Date: Tue, 17 Jan 1995 11:07:17 -0500
From: Elizabeth Martinez MARTINEZE[AT SYMBOL GOES HERE]COFC.EDU
Subject: Re: 2 pl.
On Sat, 14 Jan 1995, Aaron Drews wrote:
I haven't heard "yous" in formal usage, or, if I remember correctly,
in simple, active declaritive sentences. I have heard it in questions,
like "How are yous?" or "Can I get yous anything?". Perhaps it's the
brogue, but it certainly doesn't sound like the stereotypical,
blue-collar Chicago Bears fan.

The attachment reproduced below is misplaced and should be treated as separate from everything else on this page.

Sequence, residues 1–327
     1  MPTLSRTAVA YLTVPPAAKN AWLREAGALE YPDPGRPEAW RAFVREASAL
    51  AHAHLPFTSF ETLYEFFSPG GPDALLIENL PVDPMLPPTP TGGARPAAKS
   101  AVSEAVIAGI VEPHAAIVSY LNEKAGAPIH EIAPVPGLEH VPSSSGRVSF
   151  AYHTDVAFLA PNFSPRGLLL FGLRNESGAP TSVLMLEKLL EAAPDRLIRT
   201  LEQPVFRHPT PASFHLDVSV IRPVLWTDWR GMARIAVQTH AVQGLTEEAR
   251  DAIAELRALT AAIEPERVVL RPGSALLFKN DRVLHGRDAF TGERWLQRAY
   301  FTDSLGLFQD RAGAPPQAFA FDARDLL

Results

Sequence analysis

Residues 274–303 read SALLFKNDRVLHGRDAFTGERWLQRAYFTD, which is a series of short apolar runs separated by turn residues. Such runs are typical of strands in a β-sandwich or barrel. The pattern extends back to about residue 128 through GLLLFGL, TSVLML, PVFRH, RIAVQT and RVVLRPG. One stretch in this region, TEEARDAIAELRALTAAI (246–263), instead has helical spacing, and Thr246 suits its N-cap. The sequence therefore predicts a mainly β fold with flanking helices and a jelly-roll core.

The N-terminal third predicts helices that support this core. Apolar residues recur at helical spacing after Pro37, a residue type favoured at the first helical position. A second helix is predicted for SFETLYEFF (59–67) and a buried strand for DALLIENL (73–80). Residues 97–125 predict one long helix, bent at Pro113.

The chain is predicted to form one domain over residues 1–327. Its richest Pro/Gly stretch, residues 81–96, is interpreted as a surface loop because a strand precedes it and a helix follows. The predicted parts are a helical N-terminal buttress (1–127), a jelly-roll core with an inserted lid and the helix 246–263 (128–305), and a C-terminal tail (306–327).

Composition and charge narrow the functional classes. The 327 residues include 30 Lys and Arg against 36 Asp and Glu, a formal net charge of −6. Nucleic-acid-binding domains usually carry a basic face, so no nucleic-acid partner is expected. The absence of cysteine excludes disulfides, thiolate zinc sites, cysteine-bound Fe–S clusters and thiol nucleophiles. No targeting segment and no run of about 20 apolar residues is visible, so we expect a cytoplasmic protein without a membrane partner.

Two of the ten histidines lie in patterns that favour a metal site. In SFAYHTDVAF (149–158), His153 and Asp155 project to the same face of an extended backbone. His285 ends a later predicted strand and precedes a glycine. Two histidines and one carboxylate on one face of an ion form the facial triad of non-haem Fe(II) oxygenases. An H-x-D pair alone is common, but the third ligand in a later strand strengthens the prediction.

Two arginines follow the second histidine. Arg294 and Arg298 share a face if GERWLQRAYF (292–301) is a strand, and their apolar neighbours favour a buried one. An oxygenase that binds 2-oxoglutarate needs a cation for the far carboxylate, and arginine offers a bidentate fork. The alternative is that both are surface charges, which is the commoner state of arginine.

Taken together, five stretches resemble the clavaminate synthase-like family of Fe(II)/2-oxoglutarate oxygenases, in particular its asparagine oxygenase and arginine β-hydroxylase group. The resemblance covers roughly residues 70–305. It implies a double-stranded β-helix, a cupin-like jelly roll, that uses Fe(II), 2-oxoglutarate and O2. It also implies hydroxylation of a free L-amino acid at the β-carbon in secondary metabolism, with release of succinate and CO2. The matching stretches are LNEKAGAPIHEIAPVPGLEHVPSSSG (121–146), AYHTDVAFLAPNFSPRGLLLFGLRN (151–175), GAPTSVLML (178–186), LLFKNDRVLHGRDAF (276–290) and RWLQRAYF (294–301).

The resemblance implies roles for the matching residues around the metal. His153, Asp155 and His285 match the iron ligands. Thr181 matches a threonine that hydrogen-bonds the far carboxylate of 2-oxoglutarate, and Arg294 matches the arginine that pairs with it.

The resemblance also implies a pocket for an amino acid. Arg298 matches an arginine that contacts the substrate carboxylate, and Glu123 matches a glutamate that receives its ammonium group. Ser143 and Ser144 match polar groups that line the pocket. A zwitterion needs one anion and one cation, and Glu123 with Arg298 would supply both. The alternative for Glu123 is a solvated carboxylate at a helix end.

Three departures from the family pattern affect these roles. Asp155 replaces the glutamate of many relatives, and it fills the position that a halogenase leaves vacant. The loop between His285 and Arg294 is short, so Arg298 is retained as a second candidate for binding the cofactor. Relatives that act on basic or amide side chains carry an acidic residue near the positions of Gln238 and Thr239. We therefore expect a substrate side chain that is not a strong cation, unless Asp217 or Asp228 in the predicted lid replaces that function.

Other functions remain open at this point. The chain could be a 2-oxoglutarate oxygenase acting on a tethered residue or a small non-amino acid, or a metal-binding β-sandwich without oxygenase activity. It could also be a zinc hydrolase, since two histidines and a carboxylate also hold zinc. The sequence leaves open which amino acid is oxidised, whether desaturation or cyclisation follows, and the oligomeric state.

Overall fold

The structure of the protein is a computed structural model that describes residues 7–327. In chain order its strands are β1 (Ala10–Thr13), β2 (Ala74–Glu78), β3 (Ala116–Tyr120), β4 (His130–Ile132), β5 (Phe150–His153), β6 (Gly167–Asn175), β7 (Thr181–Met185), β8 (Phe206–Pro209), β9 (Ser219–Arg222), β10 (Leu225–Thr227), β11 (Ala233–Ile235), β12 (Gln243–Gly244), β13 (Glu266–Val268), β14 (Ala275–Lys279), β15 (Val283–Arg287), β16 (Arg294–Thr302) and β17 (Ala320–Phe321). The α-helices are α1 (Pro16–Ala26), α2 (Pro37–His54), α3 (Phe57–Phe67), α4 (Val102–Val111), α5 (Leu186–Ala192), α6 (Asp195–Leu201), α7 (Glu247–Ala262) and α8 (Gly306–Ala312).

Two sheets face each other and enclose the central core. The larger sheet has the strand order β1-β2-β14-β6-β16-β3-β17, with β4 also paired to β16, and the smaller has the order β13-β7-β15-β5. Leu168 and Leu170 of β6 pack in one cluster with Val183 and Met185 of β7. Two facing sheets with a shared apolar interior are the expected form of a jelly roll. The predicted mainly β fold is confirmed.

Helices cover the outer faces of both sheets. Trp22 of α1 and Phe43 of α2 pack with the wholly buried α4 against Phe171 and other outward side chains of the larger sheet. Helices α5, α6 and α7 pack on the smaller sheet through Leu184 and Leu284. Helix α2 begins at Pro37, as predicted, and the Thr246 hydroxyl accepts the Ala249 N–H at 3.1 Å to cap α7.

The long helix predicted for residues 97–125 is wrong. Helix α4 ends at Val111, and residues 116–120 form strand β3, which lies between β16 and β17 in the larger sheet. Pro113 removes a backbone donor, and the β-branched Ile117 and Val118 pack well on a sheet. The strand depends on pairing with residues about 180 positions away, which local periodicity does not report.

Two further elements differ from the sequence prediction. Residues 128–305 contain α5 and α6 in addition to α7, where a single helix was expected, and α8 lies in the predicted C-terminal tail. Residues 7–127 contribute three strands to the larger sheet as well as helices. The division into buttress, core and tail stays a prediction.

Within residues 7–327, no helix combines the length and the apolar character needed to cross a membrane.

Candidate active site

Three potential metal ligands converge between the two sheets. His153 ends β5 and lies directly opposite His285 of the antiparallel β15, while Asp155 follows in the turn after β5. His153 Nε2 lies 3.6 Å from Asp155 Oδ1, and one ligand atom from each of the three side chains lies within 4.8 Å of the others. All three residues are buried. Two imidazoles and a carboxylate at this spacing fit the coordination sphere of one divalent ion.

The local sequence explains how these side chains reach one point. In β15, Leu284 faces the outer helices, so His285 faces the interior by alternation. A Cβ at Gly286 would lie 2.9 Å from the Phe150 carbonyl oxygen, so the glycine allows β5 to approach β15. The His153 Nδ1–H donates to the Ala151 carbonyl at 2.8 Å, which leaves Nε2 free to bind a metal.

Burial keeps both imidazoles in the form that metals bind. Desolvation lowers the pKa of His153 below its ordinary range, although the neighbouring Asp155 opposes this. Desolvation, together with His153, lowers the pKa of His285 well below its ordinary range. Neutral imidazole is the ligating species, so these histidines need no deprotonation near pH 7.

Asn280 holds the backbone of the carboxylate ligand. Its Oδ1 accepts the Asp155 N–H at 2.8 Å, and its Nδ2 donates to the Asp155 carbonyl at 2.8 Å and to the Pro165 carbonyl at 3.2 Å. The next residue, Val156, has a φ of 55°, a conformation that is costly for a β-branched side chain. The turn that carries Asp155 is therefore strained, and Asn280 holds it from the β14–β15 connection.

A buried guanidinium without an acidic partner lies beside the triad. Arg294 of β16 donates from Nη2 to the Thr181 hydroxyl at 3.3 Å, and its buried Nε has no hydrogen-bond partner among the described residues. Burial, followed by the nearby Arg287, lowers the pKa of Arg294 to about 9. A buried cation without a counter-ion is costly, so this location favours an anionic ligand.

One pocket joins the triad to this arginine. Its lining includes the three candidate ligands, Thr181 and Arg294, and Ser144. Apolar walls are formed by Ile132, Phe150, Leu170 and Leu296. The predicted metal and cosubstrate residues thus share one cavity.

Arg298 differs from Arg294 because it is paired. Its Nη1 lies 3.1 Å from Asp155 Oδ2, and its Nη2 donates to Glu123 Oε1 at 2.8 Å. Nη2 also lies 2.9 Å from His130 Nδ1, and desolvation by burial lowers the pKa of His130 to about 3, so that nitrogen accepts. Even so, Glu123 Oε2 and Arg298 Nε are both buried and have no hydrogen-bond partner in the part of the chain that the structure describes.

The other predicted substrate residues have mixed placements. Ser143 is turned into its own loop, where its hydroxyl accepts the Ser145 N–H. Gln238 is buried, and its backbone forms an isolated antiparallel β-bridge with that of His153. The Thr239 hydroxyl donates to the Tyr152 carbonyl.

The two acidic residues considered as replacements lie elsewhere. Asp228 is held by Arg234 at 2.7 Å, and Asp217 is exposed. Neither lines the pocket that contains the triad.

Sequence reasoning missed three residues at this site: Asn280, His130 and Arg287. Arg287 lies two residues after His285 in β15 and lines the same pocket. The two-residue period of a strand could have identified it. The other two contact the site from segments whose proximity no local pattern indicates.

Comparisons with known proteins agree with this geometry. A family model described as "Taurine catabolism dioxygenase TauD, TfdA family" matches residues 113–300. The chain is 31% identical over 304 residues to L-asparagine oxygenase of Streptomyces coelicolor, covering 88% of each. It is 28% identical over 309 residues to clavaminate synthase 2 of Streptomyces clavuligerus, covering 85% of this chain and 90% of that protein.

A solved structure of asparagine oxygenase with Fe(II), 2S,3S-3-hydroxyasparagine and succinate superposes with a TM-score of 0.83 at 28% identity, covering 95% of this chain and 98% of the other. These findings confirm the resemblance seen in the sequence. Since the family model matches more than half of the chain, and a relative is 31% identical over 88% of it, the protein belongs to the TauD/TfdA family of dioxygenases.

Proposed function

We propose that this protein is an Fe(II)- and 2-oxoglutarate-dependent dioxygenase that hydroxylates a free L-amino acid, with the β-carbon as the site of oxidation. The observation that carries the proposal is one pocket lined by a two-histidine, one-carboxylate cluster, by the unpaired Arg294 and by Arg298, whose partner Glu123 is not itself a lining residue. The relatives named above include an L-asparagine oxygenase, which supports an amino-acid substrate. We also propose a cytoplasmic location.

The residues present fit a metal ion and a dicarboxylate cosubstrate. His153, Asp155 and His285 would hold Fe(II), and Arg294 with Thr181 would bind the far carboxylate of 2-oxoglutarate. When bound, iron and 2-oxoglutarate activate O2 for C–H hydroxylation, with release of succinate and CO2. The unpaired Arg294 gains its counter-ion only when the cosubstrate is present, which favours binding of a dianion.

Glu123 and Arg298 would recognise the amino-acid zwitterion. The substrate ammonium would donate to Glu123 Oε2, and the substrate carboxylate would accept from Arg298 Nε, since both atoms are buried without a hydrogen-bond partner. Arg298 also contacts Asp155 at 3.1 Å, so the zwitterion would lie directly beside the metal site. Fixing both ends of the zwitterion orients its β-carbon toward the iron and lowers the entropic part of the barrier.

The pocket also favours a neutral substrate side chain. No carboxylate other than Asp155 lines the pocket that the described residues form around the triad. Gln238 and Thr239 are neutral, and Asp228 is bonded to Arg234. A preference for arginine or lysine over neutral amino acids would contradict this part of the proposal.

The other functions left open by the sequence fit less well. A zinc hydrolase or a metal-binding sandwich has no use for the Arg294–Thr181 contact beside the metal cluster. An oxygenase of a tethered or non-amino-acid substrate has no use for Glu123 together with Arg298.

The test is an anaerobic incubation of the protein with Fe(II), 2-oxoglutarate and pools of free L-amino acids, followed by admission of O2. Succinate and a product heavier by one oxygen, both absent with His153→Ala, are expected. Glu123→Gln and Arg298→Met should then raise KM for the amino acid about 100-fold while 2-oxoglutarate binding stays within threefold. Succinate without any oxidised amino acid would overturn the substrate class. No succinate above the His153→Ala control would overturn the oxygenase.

I'm just wondering if anybody else has heard this in other parts of
the English-speaking world. If so, where, in what context, etc.?
Where I grew up, in Central Upstate New York, it wasn't unusual to
hear "yous." I remember hearing it in questions, like the ones Drews
mentioned, but also in declarative sentences like "Yous all better
stop doing that" or "We thought we'd do this 'til yous got here." I still
hear it used when I visit my parents' home.
I, too, grew up in NY (Queens) and have heard and used "yous" as the plural
of "you". I remember hearing and saying "Yous guys better cut it out" or
"yous better be there" or "I'm not going with yous", etc. It was pretty
common on the streets (not in school!).